• The sheer inscrutability of the otherwise unnamed "Boogeyman in the Basement." In response to music on the basement radio, the root cellar door rattles ominously, and opens to reveal, in a patch of concentrated darkness, two glowing red eyes, with a thunderously echoing voice. In response to any form of music, it conjures such phantasms as that of a thriving carnival, whose Barker, after offering Andy such delights as popcorn and prizes, turns into a skeleton and tries to suck him in: the Root Cellar initially seems undecided whether to use Andy as a means to get more prey, or just to eat him. It otherwise manifests as an either red or blue glow, and has the power to conjure any solid item, such as a new bike, in exchange for prey. Just what is this thing?
    • The ending counts too: he sics the monster on the bully that's been tormenting him all episode. However, he accidentally gets him eaten in the process. In return for this... the monster gives him a new bike (the bully destroyed his old one) and promises to give him anything he wants as long as he keeps feeding him. The final kicker, though? The last shot of the episode implies that he's more than willing to give the monster what it wants with a subdued Slasher Smile and that his sister is next to go. Even worse with his sister's last line of dialogue. Hannibal Lecter would be proud.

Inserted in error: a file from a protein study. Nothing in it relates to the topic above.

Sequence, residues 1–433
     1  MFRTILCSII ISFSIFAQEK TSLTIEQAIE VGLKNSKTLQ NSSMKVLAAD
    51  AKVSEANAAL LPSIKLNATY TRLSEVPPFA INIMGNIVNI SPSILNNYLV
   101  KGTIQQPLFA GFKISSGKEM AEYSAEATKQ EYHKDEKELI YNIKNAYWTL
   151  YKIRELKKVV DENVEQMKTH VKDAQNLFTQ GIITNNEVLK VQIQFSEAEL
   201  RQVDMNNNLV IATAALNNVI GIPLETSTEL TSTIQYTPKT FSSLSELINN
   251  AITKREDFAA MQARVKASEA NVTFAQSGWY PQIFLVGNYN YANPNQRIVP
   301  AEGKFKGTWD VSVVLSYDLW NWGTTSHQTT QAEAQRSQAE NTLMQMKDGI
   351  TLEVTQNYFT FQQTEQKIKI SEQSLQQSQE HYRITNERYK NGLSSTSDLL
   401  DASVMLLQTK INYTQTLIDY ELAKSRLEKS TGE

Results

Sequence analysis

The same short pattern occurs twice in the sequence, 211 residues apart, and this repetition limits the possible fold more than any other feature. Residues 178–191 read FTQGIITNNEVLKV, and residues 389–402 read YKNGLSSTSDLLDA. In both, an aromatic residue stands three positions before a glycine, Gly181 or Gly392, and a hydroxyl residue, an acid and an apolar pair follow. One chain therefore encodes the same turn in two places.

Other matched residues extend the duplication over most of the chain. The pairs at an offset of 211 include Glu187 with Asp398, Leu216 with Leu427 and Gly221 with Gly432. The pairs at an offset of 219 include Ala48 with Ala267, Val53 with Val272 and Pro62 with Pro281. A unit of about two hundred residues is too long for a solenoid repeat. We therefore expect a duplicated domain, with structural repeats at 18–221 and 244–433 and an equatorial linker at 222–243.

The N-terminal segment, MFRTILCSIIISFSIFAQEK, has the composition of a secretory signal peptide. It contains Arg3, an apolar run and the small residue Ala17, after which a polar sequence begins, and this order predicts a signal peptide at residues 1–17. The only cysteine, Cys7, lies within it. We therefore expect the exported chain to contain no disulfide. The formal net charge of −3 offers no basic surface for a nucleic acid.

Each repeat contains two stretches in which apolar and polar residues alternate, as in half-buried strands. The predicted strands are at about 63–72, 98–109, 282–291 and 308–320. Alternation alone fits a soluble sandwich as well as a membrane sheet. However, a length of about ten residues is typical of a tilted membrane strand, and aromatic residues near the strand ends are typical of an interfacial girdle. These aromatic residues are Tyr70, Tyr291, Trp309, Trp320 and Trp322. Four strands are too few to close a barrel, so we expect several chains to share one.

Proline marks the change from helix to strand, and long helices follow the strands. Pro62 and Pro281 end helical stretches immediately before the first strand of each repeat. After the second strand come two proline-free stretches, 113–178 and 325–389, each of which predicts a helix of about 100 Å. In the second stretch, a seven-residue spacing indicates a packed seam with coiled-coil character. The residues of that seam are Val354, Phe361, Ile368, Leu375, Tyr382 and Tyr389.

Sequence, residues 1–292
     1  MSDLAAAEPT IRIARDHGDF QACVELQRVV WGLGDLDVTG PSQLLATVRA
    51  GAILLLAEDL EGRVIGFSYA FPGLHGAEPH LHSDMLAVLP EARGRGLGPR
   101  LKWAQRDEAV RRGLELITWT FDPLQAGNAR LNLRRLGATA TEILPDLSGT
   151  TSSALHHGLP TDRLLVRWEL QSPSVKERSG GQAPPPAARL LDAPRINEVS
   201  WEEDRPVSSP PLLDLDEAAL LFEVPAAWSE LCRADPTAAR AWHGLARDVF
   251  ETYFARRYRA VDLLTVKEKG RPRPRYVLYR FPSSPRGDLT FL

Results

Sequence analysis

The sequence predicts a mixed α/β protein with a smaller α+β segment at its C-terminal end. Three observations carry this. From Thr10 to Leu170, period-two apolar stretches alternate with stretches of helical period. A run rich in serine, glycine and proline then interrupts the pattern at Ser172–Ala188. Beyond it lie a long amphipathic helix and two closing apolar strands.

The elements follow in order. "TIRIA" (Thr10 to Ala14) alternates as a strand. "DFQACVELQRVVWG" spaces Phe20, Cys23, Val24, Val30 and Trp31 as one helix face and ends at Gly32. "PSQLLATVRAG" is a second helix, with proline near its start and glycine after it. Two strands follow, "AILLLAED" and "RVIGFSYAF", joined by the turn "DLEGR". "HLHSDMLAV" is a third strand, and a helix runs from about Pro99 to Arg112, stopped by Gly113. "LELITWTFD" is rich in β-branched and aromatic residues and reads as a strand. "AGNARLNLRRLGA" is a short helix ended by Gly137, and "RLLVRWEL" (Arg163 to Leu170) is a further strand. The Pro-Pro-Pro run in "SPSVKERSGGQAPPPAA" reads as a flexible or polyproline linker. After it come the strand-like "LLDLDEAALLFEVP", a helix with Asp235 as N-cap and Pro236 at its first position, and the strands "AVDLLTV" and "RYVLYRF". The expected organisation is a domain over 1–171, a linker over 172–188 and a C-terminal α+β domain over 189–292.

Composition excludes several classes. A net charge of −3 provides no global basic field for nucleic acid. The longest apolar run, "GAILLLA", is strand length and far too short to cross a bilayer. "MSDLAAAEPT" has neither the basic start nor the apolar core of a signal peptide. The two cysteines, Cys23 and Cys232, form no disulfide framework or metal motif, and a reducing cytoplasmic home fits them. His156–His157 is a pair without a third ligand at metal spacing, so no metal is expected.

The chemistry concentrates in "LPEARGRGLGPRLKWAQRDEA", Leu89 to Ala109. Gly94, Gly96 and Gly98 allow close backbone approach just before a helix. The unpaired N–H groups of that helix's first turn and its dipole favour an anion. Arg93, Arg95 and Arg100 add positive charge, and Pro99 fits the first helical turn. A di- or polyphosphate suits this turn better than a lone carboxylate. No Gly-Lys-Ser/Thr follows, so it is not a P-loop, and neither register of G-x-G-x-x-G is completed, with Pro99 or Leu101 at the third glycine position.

Little sister: Andy! Mom says you have to make me dinner!
    • Of course the nightmare is subdued when one of the narrators mentions that he didn't completely go through with feeding his sister to the monster. Yet it still adds a dose of Fridge Horror when said narrator continues that he used the monster as a form of intimidation towards his sister. Which still screams He Who Fights Monsters territory.
    • What's worst of all is that the concept behind the episode can be considered an example of one of the worst and most horrifying parts of human nature, as it shows that with the right motivation, anyone can be talked into killing people for their own personal gain. Even you.
     Season 2 
https://static.tvtropes.org/pmwiki/pub/images/screenshot_2021_01_30_at_104421_5.png